The world as we have created it is a process of our thinking. It cannot be changed without changing our thinking.
— Albert Einstein
Was Solomon Wise?

Was Solomon Wise?

            Derek Kidner’s book The Wisdom of Proverbs, Job & Ecclesiastes is a helpful read for those wishing to know more about the Wisdom Literature writings in the Old Testament. The root of the entire book was stated well when the author said “Increasingly he [Solomon] set himself to outshine his fellow potentates, marry into their dynasties and give house-room to their gods. As a king, his legacy is disastrous; his grandiose achievements miserably short-lived for it was his words, and those of his successors, which triumphed where his actions failed.” (pg. 17) The wisdom this king seeks to impart is that which is forged over an extended period of doing the exact opposite.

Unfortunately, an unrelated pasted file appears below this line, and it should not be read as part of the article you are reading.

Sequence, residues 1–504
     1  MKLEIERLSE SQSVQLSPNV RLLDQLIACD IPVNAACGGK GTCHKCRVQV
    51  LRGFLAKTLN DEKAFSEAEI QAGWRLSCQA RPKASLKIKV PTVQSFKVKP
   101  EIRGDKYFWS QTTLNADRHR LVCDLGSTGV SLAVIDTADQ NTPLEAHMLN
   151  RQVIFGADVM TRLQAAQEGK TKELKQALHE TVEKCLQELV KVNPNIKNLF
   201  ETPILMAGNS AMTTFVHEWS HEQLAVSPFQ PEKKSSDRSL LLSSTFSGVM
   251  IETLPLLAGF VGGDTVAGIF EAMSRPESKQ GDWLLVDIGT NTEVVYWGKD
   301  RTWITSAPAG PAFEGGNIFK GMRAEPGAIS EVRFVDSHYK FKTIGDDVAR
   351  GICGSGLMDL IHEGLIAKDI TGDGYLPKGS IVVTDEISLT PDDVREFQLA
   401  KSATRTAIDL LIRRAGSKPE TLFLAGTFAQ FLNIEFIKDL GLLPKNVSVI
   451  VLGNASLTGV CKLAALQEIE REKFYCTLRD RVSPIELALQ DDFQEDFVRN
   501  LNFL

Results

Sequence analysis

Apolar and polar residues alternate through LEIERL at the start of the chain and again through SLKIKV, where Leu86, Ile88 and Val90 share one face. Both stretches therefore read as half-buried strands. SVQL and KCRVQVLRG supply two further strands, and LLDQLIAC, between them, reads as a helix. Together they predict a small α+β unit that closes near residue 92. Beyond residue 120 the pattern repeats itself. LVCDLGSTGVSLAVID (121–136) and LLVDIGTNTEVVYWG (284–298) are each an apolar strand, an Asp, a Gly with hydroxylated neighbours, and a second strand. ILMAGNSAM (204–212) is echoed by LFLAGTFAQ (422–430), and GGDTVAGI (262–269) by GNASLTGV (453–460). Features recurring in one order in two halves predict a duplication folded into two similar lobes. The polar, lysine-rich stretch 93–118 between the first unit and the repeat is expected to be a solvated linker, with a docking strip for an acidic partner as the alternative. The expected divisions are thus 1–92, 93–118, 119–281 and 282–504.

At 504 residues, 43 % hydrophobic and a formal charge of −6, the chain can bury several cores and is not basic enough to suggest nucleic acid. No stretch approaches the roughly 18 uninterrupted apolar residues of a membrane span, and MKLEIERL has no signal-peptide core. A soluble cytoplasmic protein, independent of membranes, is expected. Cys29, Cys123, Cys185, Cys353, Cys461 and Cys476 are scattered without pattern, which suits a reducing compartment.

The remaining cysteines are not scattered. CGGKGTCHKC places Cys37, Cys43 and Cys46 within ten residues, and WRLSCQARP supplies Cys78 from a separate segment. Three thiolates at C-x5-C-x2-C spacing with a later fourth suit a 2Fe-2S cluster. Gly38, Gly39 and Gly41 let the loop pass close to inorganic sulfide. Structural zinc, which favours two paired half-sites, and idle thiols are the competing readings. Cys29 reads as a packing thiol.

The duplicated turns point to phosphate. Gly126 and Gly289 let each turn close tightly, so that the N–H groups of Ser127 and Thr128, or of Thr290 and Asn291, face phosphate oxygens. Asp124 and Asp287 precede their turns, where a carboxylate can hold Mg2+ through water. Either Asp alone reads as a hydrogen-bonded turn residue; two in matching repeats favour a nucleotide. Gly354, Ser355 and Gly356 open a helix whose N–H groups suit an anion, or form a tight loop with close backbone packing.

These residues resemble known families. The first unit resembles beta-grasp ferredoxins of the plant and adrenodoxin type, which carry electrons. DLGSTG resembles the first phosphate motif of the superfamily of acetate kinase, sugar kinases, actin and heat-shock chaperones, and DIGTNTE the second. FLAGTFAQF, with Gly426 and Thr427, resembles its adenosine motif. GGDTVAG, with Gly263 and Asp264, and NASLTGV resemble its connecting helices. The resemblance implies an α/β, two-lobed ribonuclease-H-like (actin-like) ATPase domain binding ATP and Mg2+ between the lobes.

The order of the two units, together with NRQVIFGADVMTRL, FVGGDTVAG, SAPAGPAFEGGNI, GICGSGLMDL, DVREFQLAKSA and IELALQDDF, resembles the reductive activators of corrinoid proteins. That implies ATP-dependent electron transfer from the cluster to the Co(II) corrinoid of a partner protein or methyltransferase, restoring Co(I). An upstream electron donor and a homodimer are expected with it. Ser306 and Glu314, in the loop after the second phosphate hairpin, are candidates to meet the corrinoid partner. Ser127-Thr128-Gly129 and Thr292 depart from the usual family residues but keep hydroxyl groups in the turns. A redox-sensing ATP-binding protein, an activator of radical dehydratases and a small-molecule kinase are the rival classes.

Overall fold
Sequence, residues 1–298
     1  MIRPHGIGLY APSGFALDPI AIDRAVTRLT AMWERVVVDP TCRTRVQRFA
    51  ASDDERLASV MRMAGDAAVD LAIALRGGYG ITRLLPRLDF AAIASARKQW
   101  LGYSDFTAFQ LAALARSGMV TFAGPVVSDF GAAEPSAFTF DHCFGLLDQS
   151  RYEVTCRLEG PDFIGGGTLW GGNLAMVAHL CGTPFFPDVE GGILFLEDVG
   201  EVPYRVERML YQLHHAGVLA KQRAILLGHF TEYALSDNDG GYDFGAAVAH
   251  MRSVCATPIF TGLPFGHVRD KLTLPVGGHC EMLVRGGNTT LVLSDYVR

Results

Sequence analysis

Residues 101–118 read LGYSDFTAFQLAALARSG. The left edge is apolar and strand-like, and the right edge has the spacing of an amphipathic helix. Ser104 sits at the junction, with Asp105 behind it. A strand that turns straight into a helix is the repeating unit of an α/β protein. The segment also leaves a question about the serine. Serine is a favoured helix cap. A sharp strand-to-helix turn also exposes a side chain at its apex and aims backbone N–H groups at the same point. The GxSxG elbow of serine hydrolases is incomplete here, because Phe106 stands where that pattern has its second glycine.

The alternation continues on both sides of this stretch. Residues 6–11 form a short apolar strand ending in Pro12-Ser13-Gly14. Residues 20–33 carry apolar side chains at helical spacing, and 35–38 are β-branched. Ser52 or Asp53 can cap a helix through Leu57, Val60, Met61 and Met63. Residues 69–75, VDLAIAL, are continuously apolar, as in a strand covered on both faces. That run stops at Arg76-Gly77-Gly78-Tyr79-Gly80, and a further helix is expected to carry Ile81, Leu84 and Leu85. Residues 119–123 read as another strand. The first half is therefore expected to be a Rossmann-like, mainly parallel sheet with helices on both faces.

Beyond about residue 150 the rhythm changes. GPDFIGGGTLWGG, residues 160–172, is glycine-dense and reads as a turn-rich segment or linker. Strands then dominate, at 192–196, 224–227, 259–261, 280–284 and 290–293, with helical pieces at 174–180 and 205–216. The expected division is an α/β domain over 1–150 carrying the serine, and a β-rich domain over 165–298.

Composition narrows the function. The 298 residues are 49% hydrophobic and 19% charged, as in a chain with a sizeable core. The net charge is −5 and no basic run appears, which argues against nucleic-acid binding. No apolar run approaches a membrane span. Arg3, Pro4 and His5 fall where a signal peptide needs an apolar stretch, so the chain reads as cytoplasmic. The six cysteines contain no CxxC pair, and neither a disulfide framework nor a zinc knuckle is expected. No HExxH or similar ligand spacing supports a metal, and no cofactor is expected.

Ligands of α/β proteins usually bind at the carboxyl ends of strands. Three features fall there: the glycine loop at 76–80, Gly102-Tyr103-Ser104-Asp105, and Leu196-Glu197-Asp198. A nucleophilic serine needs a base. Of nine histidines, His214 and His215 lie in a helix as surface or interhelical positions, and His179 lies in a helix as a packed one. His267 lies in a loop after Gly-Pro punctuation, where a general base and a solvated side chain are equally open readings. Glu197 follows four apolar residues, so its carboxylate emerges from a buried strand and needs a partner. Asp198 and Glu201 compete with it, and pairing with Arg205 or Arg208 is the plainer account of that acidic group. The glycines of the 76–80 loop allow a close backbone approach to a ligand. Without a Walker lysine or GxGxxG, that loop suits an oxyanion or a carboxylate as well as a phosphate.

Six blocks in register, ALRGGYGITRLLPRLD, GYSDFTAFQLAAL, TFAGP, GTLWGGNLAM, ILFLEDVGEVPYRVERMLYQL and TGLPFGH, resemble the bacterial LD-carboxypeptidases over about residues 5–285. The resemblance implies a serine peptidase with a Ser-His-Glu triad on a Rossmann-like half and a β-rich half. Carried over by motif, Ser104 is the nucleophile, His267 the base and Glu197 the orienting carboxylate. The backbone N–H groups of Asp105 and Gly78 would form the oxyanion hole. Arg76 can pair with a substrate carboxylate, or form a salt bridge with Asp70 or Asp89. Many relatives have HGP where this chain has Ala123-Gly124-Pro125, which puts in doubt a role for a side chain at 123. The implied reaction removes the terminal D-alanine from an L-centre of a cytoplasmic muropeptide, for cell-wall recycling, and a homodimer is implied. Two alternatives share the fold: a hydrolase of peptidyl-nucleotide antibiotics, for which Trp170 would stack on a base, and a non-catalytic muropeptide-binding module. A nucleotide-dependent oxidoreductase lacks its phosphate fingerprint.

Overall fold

Derek Kidner gives a helpful overview of all three books. In Job he does a great job of pointing out that suffering does not necessarily imply any guilt in the victim, nor any failure in his faith. He also observes that Job’s friends overestimate their grasp of truth, misapply the truth they know, and close their minds to any facts that contradict what they assume.

            Perhaps the most beneficial chapter was chapter 8 in which the author compares and contrasts the three books. This was helpful since they are all in the same genre. A further help was that of the author’s mention of wisdom and the personification of wisdom in Proverbs. Although it was a given that Proverbs deals with wisdom, it was helpful to see the progression.

            There are some real gems in this book but sometimes it is a bit too repetitive. Thirty pages or more could have been edited out and the book would have been better for it. For the preacher and Biblical counselor, much help is given.

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